Discover more from Listening Sessions
Excavating a Sixties Nugget
Going deep on the Sot Weed Factor
We have Lenny Kaye to thank for the idea of Nuggets. It all started with the 1972 double LP compilation Kaye, a musician, rock writer and record-store clerk, put together for Elektra Records: Nuggets: Original Artyfacts from the First Psychedelic Era, 1965–1968. A survey of the musical explosion of the mid-1960s, in particular, garage and psychedelic rock as well as baroque pop, Nuggets spawned countless sequels cataloguing the unforgettable as well as the forgotten of one of the most exciting and creative periods in music history.
I was recently thinking about the concept of Nuggets when a song started playing on my Spotify from one of my playlists. It started off with a guitar riff that was soon joined by a wailing harmonica. As the lead singer began to sing, I glanced over to see what the song was. It sounded like an outtake from Safe as Mike, Captain Beefhart and his Magic Band’s stunning debut record. It wasn’t. The song was ‘Say It Isn’t So’ by a band called the Sot Weed Factor.
It’s a classic garage-rock Nugget with psychedelic swirls, especially the abrupt switch in tempo at the end of each verse. But who were the Sot Weed Factor? What else did they record? I decided to some digging.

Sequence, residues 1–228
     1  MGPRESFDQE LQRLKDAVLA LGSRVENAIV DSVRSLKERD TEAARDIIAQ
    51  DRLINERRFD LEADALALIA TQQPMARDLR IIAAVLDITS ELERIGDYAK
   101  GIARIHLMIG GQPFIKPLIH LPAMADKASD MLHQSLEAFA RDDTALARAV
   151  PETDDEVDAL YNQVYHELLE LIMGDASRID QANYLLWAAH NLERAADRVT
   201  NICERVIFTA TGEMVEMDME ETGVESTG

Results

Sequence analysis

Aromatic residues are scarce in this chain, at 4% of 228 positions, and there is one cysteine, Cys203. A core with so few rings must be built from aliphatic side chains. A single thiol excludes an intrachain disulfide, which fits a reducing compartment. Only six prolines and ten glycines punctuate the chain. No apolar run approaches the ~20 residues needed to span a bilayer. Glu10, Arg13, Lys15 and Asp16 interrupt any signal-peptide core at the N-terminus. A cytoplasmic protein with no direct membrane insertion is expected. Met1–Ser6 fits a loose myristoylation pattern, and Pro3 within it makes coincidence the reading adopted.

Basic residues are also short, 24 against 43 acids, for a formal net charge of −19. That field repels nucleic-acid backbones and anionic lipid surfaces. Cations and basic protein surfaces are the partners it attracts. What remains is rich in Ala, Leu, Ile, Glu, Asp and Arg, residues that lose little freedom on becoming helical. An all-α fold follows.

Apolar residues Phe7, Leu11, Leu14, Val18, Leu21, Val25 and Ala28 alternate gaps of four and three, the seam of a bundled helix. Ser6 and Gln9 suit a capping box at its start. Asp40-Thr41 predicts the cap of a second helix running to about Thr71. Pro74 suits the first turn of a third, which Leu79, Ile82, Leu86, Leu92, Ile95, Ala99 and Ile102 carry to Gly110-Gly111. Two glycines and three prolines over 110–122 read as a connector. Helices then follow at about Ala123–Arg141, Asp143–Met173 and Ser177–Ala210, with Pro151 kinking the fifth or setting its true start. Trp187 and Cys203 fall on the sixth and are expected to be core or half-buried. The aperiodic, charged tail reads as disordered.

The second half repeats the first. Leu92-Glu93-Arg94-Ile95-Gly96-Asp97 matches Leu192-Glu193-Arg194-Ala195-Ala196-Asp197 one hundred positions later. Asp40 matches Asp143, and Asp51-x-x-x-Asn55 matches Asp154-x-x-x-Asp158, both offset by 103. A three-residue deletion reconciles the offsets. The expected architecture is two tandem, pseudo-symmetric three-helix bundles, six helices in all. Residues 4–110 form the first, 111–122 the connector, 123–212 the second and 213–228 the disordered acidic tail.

Discogs had the first big answer. The Sot Weed Factor were a band based out of Tucson, Arizona that formed in 1964 and recorded one single in 1967. ‘Say It Isn’t So’ was the B-side, ‘Bald Headed Woman’ was the A-side, an old traditional blues song recorded by such bands as the Kinks and the Who. I know it through Harry Belafonte’s recording in 1960 on Swing Dat Hammer, his concept album of prison work songs.
What distinguishes the Sot Weed Factor’s version is the gradual increase in tempo throughout. It is far less memorable than its B-side.
Neither side of the single is over two minutes. In fact, the total recorded output of the band runs a mere three minutes, 54 seconds.
The single was released on Original Sound Records in September 1967 and was produced by Brian Ross—both producer and label are best-known for the Music Machine’s ‘Talk Talk,’ a textbook example of a musical Nugget. According to this short item (virtually the only information on the Sot Weed Factor found online and it says nothing about whether the band was named after John Barth’s epic novel), it was a regional hit in Tucson and did make radio playlists nationally but not the national charts.
The Sot Weed Factor were an edgy band—punk before punk was a thing, and were decidedly not fans of their lone single. After moving to Los Angeles, crummy management led to the band quickly folding. Only one member of the band, George Arntz, who is co-credited for ‘Bald-Headed Woman’ and the sole writer of ‘Say It Isn’t So,’ has an additional credit on Discogs for the equally obscure the Marshmellow Overcoat. That’s it.
The Sot Weed Factor in one short paragraph: one single, a few scant details and one song, ‘Say It Isn’t So,’ that forms a small part of the incredible trove of mid-1960s Nuggets. Ready for discovery for the first time.